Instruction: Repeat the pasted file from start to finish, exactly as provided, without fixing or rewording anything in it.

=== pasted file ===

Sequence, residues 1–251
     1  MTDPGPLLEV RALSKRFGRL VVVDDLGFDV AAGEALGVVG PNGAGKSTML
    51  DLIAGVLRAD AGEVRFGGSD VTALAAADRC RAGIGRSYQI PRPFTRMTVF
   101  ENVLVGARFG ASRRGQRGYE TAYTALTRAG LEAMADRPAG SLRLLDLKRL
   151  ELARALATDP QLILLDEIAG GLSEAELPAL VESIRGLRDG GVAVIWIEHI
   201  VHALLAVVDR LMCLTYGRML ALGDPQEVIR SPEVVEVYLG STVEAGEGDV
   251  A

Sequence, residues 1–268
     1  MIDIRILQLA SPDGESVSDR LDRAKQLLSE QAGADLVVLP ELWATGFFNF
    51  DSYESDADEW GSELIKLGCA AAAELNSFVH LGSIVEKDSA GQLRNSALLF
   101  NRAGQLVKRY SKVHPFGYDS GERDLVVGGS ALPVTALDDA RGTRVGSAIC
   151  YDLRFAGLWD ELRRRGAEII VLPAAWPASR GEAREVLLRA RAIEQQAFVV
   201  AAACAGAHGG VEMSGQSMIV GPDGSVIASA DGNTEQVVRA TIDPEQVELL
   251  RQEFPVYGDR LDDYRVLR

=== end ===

Sequence, residues 1–251
     1  MTDPGPLLEV RALSKRFGRL VVVDDLGFDV AAGEALGVVG PNGAGKSTML
    51  DLIAGVLRAD AGEVRFGGSD VTALAAADRC RAGIGRSYQI PRPFTRMTVF
   101  ENVLVGARFG ASRRGQRGYE TAYTALTRAG LEAMADRPAG SLRLLDLKRL
   151  ELARALATDP QLILLDEIAG GLSEAELPAL VESIRGLRDG GVAVIWIEHI
   201  VHALLAVVDR LMCLTYGRML ALGDPQEVIR SPEVVEVYLG STVEAGEGDV
   251  A

Sequence, residues 1–268
     1  MIDIRILQLA SPDGESVSDR LDRAKQLLSE QAGADLVVLP ELWATGFFNF
    51  DSYESDADEW GSELIKLGCA AAAELNSFVH LGSIVEKDSA GQLRNSALLF
   101  NRAGQLVKRY SKVHPFGYDS GERDLVVGGS ALPVTALDDA RGTRVGSAIC
   151  YDLRFAGLWD ELRRRGAEII VLPAAWPASR GEAREVLLRA RAIEQQAFVV
   201  AAACAGAHGG VEMSGQSMIV GPDGSVIASA DGNTEQVVRA TIDPEQVELL
   251  RQEFPVYGDR LDDYRVLR